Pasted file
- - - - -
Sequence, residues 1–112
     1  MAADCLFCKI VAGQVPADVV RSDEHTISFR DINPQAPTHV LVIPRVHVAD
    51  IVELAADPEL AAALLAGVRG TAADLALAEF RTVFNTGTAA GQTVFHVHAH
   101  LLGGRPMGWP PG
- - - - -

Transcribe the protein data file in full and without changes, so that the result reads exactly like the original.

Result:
Sequence, residues 1–112
     1  MAADCLFCKI VAGQVPADVV RSDEHTISFR DINPQAPTHV LVIPRVHVAD
    51  IVELAADPEL AAALLAGVRG TAADLALAEF RTVFNTGTAA GQTVFHVHAH
   101  LLGGRPMGWP PG